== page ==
where . We again apply global-average-pooling on along to get dimensional feature representation for each pixel as


where represent the accumulated global feature for the pixel. Thus, each pixel flexibly selects features that are complementary to the current one and accumulates a global information. This whole sequence of operations can be expressed by efficient matrix-operations as


where , , , are given by

This efficient and simple matrix multiplication makes this attention module very fast whereas the order of operation (first computing ) results in low memory footprint. Note that, is broadcast along dimension appropriately. We utilize this attention block in both encoder and decoder at each level for self-attention.

3.1.2 Cross-Attention (CA)

Inspired from the use of cross-attention in [21], we implement cross encoder-decoder and cross level attention in our model. For cross encoder-decoder attention, we deploy similar attention module where the information to be attended is from different encoder layers and all the attention maps are generated by the decoder. Similarly for cross-level, the attended feature is from a lower level and the attention decisions are made by features from a higher level. We have observed that this helps in the propagation of information across layers and levels compared to simply passing the whole input or doing elementwise sum as done in [26].

(a) Blurred Image (b) Blurred patch (c) MS-CNN (d) DelurGAN (e) SRN (f) DelurGAN-V2 (g) Stack(4)-DMPHN (h) Ours (a)
Figure 4: Visual comparisons of deblurring results on images from the GoPro test set [13]. Key blurred patches are shown in (b), while zoomed-in patches from the deblurred results are shown in (c)-(h).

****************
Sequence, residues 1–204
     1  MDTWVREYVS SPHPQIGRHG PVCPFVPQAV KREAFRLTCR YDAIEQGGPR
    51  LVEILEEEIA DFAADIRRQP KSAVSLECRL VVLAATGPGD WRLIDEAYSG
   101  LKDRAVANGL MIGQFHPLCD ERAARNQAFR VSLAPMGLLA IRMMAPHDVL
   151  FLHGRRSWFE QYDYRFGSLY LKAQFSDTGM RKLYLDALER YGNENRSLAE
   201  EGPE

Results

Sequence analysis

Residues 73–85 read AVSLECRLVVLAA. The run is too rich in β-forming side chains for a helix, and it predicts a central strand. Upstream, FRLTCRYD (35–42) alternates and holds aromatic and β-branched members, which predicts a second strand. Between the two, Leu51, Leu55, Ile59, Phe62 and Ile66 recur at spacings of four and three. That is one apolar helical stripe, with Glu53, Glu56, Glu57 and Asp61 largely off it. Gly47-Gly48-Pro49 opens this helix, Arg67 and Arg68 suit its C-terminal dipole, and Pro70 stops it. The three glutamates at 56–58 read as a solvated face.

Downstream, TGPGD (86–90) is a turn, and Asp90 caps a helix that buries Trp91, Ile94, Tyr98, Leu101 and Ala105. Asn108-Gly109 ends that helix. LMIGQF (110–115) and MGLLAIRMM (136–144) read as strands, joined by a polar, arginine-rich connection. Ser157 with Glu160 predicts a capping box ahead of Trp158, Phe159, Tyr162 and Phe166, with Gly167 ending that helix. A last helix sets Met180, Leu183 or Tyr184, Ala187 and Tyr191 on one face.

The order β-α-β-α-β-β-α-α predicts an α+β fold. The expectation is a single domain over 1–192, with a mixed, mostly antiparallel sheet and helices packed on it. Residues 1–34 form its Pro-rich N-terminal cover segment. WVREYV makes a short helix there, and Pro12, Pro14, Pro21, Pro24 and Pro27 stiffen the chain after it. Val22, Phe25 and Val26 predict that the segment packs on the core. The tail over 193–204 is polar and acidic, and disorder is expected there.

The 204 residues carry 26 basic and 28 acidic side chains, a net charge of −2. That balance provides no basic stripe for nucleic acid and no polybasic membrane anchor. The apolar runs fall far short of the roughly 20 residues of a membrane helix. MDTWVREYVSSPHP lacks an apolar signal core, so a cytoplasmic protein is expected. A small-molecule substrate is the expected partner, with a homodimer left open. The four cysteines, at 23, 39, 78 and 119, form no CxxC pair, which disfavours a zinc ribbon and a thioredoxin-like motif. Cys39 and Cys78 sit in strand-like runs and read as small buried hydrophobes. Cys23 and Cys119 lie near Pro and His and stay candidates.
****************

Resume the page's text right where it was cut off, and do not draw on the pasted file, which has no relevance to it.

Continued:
3.2 Pixel-Dependent Filtering Module (PDF)

In contrast to [1], for the local branch, we use Pixel-Dependent Filtering Module to handle spatially-varying dynamic motion blur effectively. Previous works like [6] generate sample-specific parameters on-the-fly using a filter generation network for image classification. [10] uses input text to construct the motion-generating filter weights for video generation task. [28] uses an adaptive convolutional layer where the convolution filter weights are the outputs of a separate “filter-manifold network” for crowd counting task. Our work is based on [19] as we use a ‘meta-layer’ to generate pixel dependent spatially varying kernel to implement spatially variant convolution operation. Along with that, the local pixels where the filter is to be applied, are also determined at runtime as we adjust the offsets of these filters adaptively. Given the input feature map , we apply a kernel generation function to generate a spatially varying kernel and do the convolution operation for pixel as


where , is the kernel size, defines position of the convolutional kernel of dilation 1, is the pixel dependent kernel generated, is the fixed weight and are the learnable offsets. We set a maximum threshold for the offsets to enforce efficient local processing which is important for low level tasks like deblurring. Note that the kernels () and offsets vary from one pixel to another, but are constant for all the channels, promoting efficiency. Standard spatial convolution can be seen as a special case of the above with adapting kernel being constant and . In contrast to [1], which simply concatenates the output of these two branches, we design attentive fusion between these two branches so that the network can adaptively adjust the importance of each branch for each pixel at runtime. Empirically we observed that it performs better than simple addition or concatenation. Also, as discussed in visualization section, it gives an insight into the specific requirement for different levels of blur. Given the original input to this content-aware module, we generate a fusion mask as